The coronavirus pandemic has changed many aspects of our daily lives, but it has also introduced a few curve balls to the way we conduct business. Online shopping was already gaining traction before the initial COVID-19 outbreaks resulted in global mandates to shelter in place and practice social distancing. The year 2020 will always be remembered as a time when e-commerce really broke out; it did so out of sheer necessity, but shoppers eventually voted with their wallets and smartphones in order to make the internet their favorite retail shopping venue.
The rise of online shopping has opened a whole new world of possibilities, and some of these trends are truly unprecedented. A recent report by McKinsey estimates that over 50% of consumers who have already shopped online during the pandemic would have ordered again if they’d had the choice, and about 85% of consumers would buy online if they had another opportunity to do so. It’s clear that e-commerce has not only become an essential part of our daily lives, but it also gives us the ability to avoid crowded stores and lines even when the contagion rate is reduced to a safe level. It is estimated that 80% of Americans have shopped online at least once in their lives, and this is a statistic that is bound to continue growing over the next few years.
Now that e-commerce is on track to catching up with traditional brick-and-mortar shopping, we have to start thinking about smart ways to manage this vibrant business sector, and this includes handling the issue of returned items.
E-Commerce and the Reality of Returned Products
It is easy to see that physical stores have the upper hand with regard to returned items; after all, this is a business process that is deeply integrated with customer service, which in turn has become one of the most important aspects of the retail shopping experience. American brands tend to be pretty good in this regard. A large segment of shoppers in the United States are motivated to shop at stores where they feel they will not have a hard time returning or exchanging items if needed. This makes a lot of sense for various reasons, and one of the most obvious is that things can go wrong in the supply and distribution chain. Product exchanges are far more common than straightforward returns for value; they are more likely to occur when shopping at busy discount stores, and this is why retail executives are constantly thinking about ways to improve their returns process without taking major hits to their bottom lines.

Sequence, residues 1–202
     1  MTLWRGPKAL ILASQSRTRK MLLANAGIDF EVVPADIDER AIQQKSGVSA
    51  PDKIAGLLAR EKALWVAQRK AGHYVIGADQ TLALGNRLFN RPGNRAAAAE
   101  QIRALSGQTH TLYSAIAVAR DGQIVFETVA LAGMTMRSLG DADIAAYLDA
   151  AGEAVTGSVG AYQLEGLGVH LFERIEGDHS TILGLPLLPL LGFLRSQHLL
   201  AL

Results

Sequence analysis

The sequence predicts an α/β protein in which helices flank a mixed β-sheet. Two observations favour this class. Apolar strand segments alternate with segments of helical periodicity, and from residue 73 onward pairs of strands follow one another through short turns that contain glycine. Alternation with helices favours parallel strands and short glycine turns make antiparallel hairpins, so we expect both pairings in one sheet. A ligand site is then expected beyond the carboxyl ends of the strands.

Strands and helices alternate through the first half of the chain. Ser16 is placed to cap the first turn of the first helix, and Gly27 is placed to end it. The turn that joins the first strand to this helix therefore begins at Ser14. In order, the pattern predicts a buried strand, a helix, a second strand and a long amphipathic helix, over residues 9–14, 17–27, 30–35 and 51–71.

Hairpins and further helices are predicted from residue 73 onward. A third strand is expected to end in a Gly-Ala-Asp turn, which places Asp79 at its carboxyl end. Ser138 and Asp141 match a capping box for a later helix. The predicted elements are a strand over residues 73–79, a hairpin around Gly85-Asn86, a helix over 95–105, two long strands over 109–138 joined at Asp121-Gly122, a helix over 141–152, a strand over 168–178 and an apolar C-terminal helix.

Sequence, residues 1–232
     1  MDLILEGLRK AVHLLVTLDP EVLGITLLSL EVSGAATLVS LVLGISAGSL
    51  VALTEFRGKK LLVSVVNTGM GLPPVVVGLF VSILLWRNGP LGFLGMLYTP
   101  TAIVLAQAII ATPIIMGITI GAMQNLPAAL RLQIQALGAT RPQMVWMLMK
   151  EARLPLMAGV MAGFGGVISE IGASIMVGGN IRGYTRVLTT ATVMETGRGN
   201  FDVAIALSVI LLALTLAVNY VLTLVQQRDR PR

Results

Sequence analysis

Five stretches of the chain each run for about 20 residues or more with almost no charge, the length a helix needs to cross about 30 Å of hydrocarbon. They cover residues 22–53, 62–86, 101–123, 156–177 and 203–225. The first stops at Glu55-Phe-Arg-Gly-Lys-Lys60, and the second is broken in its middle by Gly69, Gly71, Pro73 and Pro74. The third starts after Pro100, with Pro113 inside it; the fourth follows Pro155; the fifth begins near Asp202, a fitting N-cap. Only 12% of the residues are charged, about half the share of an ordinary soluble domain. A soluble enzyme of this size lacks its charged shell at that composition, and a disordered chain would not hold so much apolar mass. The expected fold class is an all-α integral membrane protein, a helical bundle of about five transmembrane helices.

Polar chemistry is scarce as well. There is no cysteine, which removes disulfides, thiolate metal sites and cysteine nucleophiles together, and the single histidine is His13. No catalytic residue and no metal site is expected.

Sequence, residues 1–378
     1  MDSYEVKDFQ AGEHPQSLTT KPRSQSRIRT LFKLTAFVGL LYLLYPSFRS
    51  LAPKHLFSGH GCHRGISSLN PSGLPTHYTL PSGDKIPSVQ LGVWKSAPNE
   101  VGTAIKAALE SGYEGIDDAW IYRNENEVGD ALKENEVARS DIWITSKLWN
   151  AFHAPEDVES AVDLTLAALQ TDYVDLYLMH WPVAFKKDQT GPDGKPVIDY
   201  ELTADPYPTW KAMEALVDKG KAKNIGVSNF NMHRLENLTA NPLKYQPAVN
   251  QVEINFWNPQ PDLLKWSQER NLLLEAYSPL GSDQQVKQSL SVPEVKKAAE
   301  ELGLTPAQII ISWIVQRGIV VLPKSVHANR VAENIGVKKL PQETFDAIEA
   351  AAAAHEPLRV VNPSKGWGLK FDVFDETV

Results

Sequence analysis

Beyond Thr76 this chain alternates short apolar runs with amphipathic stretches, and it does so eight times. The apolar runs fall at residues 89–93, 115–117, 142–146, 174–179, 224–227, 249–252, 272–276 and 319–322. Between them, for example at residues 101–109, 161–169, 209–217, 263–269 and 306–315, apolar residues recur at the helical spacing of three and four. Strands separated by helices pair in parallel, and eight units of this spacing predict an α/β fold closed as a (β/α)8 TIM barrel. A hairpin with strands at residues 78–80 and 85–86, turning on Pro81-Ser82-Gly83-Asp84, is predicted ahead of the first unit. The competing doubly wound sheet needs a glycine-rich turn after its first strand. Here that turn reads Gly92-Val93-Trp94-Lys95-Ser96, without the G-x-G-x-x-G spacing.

The e-commerce returns process can be more painful compared to the brick-and-mortar world. In late 2020, online shopping giant Amazon figured out a clever way to handle the avalanche of returns expected right after the holiday season. By striking partnerships with brick-and-mortar locations around the U.S., Amazon probably saved millions of dollars, but this smart idea did not extend to all product or third-party sellers.
Let’s face it: No e-commerce business owner wants to deal with returns, but if you really think about it, this is just the cost of doing business. In theory, returns are more likely in the e-commerce space for the following reasons:
- Shoppers are not able to see, touch, and experience products in person.
- Misleading or incorrect product descriptions of e-commerce items are more common than you think.
- When e-commerce products are delivered, they face increased risk of sustaining damage along the way.
- Things can go wrong during the picking, packing, and shipping processes even if you rely on a trustworthy fulfillment partner.
For anyone who is just getting started with e-commerce, please remember that this sector is highly prone to returns. All business owners need to be ready to face this reality. While physical stores are used to getting extremely busy with returns right after the holiday season, e-commerce operators can expect to deal with this on a year-round basis.
Avoiding E-Commerce Returns
Before we get to discussing how packaging plays a role in the cumbersome e-commerce returns process, let’s review a few ways you can minimize them.